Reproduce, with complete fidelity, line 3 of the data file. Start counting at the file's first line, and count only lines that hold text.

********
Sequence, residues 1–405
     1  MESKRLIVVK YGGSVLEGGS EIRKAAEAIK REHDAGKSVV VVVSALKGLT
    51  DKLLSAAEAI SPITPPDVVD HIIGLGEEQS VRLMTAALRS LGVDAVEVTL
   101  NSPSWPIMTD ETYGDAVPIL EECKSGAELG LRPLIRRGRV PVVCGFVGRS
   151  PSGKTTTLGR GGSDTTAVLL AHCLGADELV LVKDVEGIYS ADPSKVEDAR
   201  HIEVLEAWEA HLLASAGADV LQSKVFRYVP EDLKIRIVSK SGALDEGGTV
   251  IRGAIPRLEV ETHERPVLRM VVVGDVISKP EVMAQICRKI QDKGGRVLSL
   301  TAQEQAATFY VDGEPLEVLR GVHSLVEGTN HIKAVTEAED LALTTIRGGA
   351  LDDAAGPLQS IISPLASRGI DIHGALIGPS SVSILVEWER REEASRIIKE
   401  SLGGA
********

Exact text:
    51  DKLLSAAEAI SPITPPDVVD HIIGLGEEQS VRLMTAALRS LGVDAVEVTL